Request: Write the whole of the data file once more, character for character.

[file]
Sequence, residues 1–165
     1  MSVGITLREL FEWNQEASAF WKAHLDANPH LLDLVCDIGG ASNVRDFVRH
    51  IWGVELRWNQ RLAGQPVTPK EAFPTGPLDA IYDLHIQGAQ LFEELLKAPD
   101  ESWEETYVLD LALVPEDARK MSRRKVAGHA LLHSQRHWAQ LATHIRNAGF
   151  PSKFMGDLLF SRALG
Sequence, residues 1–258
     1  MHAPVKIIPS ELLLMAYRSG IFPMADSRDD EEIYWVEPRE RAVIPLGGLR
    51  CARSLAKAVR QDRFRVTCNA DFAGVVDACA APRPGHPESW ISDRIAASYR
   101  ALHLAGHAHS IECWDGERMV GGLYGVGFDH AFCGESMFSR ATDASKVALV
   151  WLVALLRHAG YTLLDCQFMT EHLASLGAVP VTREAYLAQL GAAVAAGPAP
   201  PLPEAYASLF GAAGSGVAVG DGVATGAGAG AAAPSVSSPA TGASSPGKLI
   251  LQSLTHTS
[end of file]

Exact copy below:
Sequence, residues 1–165
     1  MSVGITLREL FEWNQEASAF WKAHLDANPH LLDLVCDIGG ASNVRDFVRH
    51  IWGVELRWNQ RLAGQPVTPK EAFPTGPLDA IYDLHIQGAQ LFEELLKAPD
   101  ESWEETYVLD LALVPEDARK MSRRKVAGHA LLHSQRHWAQ LATHIRNAGF
   151  PSKFMGDLLF SRALG
Sequence, residues 1–258
     1  MHAPVKIIPS ELLLMAYRSG IFPMADSRDD EEIYWVEPRE RAVIPLGGLR
    51  CARSLAKAVR QDRFRVTCNA DFAGVVDACA APRPGHPESW ISDRIAASYR
   101  ALHLAGHAHS IECWDGERMV GGLYGVGFDH AFCGESMFSR ATDASKVALV
   151  WLVALLRHAG YTLLDCQFMT EHLASLGAVP VTREAYLAQL GAAVAAGPAP
   201  PLPEAYASLF GAAGSGVAVG DGVATGAGAG AAAPSVSSPA TGASSPGKLI
   251  LQSLTHTS